Network News

X My Profile
View More Activity

Mormons, Party Regulars Fuel Romney Success

Updated: 5:38By Jon Cohen
Former Massachusetts governor Mitt Romney appeared to score his third win by taking the Nevada GOP caucuses, and entrance poll results from MSNBC provide the tale of the tape.

A quarter of GOP caucusgoers were Mormon, according to the network's poll, and they broke overwhelmingly for Romney, himself a Mormon. Ninety-four percent of Mormons supported Romney, who also outpaced his rivals among Protestants and Catholics, but by smaller margins.

Romney more than tripled up Rep. Ron Paul (Tex.) among white caucusgoers, while Latinos (9 percent of the electorate) preferred Romney by a more narrow margin over Arizona Sen. John McCain (41 percent to 25 percent).

And as in Michigan last Tuesday, Romney won big among party regulars and staunch conservatives in Nevada. Republicans made up 86 percent of caucusgoers, and 58 percent of them supported Romney and 12 percent McCain. Among "very conservative" voters (40 percent of the electorate), Romney won by more than 5 to 1.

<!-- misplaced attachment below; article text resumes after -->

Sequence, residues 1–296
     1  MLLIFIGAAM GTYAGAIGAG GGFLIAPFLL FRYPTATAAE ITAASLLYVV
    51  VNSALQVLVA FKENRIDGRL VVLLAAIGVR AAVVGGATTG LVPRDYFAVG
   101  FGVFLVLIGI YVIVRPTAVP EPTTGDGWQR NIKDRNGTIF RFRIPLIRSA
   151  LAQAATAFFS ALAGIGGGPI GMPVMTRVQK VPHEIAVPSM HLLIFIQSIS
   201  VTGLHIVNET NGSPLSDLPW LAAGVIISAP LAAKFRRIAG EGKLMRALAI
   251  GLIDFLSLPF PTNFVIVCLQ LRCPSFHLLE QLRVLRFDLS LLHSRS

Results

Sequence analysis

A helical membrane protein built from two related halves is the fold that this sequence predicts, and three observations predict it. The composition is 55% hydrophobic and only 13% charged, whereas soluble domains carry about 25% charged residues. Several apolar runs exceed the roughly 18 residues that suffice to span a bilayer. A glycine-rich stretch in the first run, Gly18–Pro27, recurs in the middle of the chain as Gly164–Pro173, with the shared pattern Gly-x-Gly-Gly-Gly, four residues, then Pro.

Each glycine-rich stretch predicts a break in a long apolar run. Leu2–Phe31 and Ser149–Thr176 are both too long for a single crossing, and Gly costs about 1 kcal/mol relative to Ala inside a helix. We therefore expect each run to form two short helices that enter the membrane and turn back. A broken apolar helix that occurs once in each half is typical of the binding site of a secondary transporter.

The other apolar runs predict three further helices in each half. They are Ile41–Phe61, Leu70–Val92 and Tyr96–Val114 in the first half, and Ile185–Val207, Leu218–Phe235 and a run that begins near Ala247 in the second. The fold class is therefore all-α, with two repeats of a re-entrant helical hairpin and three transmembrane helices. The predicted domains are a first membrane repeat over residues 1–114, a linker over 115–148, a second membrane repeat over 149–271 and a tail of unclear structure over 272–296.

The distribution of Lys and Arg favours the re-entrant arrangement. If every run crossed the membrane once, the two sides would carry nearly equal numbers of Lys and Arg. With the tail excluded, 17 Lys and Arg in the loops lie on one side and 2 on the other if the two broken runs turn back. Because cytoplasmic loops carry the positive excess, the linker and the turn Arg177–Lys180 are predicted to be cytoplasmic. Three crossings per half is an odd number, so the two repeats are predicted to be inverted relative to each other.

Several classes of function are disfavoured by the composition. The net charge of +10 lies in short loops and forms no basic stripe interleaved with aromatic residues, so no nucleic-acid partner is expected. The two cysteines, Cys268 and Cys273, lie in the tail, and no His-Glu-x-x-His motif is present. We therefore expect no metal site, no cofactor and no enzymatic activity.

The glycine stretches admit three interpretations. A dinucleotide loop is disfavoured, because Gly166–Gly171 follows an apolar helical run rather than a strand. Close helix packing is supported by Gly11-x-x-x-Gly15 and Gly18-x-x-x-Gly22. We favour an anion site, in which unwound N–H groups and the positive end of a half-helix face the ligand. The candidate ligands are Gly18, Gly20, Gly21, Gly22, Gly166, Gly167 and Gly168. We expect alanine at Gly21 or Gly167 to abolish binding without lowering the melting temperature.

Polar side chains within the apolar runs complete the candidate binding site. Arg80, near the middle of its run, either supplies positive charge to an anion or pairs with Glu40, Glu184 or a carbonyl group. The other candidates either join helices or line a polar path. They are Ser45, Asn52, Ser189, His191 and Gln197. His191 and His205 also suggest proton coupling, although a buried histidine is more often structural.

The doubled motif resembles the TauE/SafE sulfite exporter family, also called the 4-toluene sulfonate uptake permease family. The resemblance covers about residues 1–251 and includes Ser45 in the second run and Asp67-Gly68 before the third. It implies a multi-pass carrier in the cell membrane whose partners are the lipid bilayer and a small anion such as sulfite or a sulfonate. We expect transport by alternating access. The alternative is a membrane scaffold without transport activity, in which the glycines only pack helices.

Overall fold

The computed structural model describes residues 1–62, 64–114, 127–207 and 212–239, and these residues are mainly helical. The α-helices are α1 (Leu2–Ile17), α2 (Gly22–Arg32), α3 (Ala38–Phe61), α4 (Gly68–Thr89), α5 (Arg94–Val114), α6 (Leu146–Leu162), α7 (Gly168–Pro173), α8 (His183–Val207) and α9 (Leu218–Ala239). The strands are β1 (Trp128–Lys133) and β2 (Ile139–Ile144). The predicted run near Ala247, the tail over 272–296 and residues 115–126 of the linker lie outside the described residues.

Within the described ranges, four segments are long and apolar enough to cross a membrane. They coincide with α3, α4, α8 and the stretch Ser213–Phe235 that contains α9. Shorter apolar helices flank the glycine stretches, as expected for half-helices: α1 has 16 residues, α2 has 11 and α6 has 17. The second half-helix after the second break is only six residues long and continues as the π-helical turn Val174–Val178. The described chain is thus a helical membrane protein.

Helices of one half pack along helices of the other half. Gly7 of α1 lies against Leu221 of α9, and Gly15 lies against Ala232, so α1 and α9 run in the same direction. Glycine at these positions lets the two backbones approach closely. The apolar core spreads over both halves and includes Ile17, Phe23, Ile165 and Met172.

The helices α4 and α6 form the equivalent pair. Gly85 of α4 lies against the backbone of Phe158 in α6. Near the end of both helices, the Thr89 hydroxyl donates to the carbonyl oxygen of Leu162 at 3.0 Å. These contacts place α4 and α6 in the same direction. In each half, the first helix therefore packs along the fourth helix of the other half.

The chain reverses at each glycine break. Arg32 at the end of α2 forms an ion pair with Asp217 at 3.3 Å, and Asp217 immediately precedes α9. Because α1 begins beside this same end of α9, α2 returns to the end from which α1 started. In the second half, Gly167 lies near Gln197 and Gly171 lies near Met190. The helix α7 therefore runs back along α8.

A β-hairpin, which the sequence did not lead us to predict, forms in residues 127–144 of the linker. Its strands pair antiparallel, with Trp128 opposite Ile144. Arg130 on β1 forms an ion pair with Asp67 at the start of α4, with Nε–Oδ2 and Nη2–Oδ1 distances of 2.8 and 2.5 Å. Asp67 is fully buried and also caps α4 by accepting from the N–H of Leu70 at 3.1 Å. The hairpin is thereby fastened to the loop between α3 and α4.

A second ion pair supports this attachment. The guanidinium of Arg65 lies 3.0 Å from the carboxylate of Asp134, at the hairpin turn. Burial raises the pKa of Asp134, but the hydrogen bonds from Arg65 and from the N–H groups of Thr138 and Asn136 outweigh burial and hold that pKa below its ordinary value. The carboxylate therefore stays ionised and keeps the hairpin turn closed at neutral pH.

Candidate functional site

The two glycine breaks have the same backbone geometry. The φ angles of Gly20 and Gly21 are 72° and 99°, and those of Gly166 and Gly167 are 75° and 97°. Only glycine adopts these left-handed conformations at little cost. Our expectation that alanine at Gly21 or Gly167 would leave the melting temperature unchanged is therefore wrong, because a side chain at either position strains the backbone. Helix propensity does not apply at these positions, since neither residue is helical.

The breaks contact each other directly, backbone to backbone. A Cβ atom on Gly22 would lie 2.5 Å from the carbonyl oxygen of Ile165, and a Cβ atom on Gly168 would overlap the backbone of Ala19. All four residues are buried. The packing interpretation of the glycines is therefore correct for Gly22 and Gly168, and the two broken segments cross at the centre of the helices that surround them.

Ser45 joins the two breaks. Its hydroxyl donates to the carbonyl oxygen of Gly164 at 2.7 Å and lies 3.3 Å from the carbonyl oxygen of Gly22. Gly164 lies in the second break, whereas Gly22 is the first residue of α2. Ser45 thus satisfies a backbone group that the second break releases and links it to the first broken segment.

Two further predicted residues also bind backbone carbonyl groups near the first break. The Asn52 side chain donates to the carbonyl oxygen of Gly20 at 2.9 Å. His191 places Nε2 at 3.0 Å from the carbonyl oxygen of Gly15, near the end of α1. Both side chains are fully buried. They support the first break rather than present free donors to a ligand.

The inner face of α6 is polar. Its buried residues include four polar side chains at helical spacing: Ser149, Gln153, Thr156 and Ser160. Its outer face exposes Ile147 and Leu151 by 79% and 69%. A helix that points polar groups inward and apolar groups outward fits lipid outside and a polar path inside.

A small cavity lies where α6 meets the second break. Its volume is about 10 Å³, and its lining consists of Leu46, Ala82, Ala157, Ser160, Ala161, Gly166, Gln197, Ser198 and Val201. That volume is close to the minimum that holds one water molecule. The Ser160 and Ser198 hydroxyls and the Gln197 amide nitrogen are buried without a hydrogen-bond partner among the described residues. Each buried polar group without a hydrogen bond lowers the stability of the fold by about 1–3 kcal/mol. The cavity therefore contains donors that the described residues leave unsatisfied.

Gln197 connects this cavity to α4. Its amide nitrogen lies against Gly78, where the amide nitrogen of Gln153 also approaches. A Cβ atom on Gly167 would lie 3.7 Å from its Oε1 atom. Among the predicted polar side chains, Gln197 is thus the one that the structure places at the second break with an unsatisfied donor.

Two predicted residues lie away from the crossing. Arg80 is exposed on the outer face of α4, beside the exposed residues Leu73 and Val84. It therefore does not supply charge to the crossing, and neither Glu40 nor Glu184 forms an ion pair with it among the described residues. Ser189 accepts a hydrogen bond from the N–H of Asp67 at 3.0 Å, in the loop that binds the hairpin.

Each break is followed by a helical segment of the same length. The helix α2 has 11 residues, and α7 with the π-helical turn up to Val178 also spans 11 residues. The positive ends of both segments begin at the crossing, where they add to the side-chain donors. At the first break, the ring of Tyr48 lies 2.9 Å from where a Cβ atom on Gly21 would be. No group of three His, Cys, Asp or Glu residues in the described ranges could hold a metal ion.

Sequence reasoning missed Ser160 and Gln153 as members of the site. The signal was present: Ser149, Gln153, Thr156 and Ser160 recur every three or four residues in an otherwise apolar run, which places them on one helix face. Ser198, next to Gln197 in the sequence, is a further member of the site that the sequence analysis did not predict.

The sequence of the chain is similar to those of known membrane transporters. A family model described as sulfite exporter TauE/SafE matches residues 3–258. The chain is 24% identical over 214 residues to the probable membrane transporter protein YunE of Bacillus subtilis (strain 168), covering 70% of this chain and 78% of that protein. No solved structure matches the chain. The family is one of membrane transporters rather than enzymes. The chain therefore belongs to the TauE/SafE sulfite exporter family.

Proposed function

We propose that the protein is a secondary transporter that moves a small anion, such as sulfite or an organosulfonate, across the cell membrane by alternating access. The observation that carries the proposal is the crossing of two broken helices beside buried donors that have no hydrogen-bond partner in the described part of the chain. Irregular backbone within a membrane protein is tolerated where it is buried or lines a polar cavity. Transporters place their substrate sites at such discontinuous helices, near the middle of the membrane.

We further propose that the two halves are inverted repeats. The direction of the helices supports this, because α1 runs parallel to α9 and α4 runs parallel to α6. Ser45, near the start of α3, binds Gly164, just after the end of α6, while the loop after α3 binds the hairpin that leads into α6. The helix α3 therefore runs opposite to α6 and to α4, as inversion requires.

About a quarter of voters were evangelical Christians, and 38 percent in this group went for Romney, 22 percent for former Arkansas governor Mike Huckabee and 18 percent for Paul.

Top issues in the race: economy 37 percent, illegal immigration 34 percent, terrorism 13 percent and Iraq 9 percent. Romney won among each group.

Romney was alone among the top tier GOP contenders to run an active campaign in Nevada. South Carolina's primary is also today and drew most of the candidates' attention. Those polls close at 7 p.m. eastern.

By Washington Post editors  |  January 19, 2008; 2:03 PM ET
Categories:  B_Blog , Mitt Romney , Primaries , The GOP , The Pollster  
Save & Share:  Send E-mail   Facebook   Twitter   Digg   Yahoo Buzz   StumbleUpon   Technorati   Google Buzz   Previous: Nevada Win in Cards for Romney
Next: S.C., From Upcountry to Beach

No comments have been posted to this entry.

The comments to this entry are closed.

RSS Feed
Subscribe to The Post

© 2010 The Washington Post Company